To test the potential of Intimin β-domain for the display of Ab fragments and compare it with the display capacity of EhaA β-domain, we employed sdAbs derived from heavy-chain antibodies (HCAbs) of camelids (e.g. dromedaries, llamas) also known as VHH (for VH of HCAbs) or nanobodies [40]. These sdAbs have a small size (ca. 12-14 kDa), high stability and solubility, as well as excellent antigen binding properties with high affinity and specificity. In addition, their sequence identity with human VH makes them attractive for therapy [41]. Initial assays were conducted using a model VHH clone binding GFP (Vgfp) [42] fused to the β-domains of EhaA and Intimin for comparison of the two systems before cloning of an immune library of sdAbs. Vgfp was cloned in pHEA vector (Table 1) in frame with the N-terminal SP of PelB [43] and the C-terminal fragment of EhaA (residues 989-1327; named as C-EhaA), bearing its native β-barrel with α-helix linker, and including the E-tag epitope between the VHH and C-EhaA (Figure 1A) [33]. The Vgfp sequence was cloned in pNeae2 (Table 1) in frame with the N-terminal fragment of Intimin (residues 1-659; named as Neae), comprising its N-terminal SP, the periplasmic LysM domain (expected to bind the peptidoglycan), its native β-barrel with C-terminal linker, and the first Ig-like domain (D0) (Figure 1B). Vector pNeae2 incorporated the E-tag and myc-tag epitopes flanking the VHH (Figure 1B). Both E. coli display vectors contained unique SfiI and NotI restriction sites flanking the VHH in the same frame as those of conventional phagemids (e.g. pHEN6, pCANTAB6) [44]. The resulting fusion proteins were referred to as VHHA (fusions to C-EhaA) and NVHH (fusions to Neae).

The expression of VgfpA and NVgfp fusions in E. coli K-12 cells (strain UT5600; Table 1) was analyzed by Western blot after induction with 0.05 mM IPTG at 30 °C for 3 h (see Materials and Methods). Discrete protein bands corresponding to VgfpA and NVgfp were detected with anti-E or anti-myc monoclonal Abs (mAbs) in whole cell protein extracts from the induced cells (Figure 1C and Figure 1D). Both fusion proteins showed a shift in their electrophoretic mobility, characteristic of native OMPs with correctly folded β-barrels, which are resistant to SDS denaturation at low temperatures and hence migrate faster than the unfolded polypeptides due to the compact structure of the β-barrel [17,45]. This heat-modifiable mobility was observed in both VgfpA and NVgfp, having the expected mobility according to their molecular weight (MW) after boiling (ca. 52 kDa and 84 kDa, respectively) and a faster mobility in non-boiled samples (Figure 1C and 1D). Interestingly, NVgfp was resistant to 2% SDS and 4 M urea at low temperatures (i.e. 22 °C) and required boiling in this buffer to unfold, as previously reported for full-length Intimin and its β-domain [25]. The major protein bands detected with anti-E mAb in the boiled samples corresponded to full-length VgfpA and NVgfp fusions (Figure 1C and 1D; labeled with arrows). Detection of NVgfp with anti-myc mAb confirmed the integrity of its C-terminal end (Figure 1D). Minor bands of lower MW were also detected in Western blot with anti-E mAb, which likely represent proteolytic fragments of the full-length fusions (Figure 1C and 1D; labeled with asterisks). The induced E. coli cultures expressing VgfpA or NVgfp fusions showed only a slight decrease in their growth rate compared to control cultures having the empty vector (pAK-Not), or expressing the β-domains C-EhaA (pHEA) or Neae (pNeae2), and reached final optical densities at 600 nm (OD600) identical to controls (Figure S1).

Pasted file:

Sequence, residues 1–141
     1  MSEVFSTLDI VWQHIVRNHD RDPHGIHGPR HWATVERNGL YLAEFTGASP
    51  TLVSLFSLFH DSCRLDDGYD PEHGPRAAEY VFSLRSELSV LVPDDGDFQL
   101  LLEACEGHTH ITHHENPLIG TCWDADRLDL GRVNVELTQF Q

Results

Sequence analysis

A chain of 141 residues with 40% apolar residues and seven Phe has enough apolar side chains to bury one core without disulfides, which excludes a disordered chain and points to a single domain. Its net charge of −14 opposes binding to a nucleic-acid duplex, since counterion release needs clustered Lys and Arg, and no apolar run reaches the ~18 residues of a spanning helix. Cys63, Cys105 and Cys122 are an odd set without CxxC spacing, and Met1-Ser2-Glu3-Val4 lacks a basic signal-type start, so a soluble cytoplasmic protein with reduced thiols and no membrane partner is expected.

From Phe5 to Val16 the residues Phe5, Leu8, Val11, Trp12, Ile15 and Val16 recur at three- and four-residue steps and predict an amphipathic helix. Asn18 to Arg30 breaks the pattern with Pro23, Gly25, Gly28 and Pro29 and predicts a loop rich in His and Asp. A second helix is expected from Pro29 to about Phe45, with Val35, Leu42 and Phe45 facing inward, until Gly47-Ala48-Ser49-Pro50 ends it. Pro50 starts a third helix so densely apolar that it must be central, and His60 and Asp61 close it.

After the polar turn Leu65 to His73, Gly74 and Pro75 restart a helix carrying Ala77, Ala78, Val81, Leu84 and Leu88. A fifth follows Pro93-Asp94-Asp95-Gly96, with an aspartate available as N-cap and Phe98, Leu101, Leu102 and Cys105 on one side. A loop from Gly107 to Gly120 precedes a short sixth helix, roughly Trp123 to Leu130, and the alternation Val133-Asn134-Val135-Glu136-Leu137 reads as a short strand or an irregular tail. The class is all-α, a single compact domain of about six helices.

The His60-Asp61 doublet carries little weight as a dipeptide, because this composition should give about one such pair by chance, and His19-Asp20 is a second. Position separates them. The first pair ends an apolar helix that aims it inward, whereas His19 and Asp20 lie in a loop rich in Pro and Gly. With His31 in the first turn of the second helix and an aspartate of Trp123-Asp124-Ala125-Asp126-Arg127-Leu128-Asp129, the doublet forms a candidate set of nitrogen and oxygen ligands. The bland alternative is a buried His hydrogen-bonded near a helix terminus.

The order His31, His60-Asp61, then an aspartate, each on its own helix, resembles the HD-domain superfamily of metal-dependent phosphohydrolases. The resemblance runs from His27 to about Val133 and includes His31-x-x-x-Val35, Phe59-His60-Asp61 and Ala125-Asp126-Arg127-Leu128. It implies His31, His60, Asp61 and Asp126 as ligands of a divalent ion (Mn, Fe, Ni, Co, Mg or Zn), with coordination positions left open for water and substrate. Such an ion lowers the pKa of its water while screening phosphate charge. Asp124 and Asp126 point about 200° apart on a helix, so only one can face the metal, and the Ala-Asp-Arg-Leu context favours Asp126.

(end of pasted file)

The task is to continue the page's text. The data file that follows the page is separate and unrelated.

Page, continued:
The accessibility of VgfpA and NVgfp fusions to the external milieu was initially compared by incubation of intact E. coli cells with externally added proteases. Trypsin digested full-length VgfpA leaving some weakly detectable proteolytic fragments with a size similar to C-EhaA and Vgfp domains (Figure 1C, lane 3). The NVgfp fusion was resistant to Trypsin digestion (Figure S2) but was sensitive to Proteinase K (ProtK) (Figure 1D, lane 3). Nevertheless, ProtK digestion of NVgfp fusion left a resistant fragment comprising Neae. Hence, both the β-domains display the sdAb to the extracellular milieu, in a way that is accessible to externally added proteases but C-EhaA fusions are more sensitive to digestion than Neae fusions. Resistance to proteolysis was previously observed for full-length Intimin [25].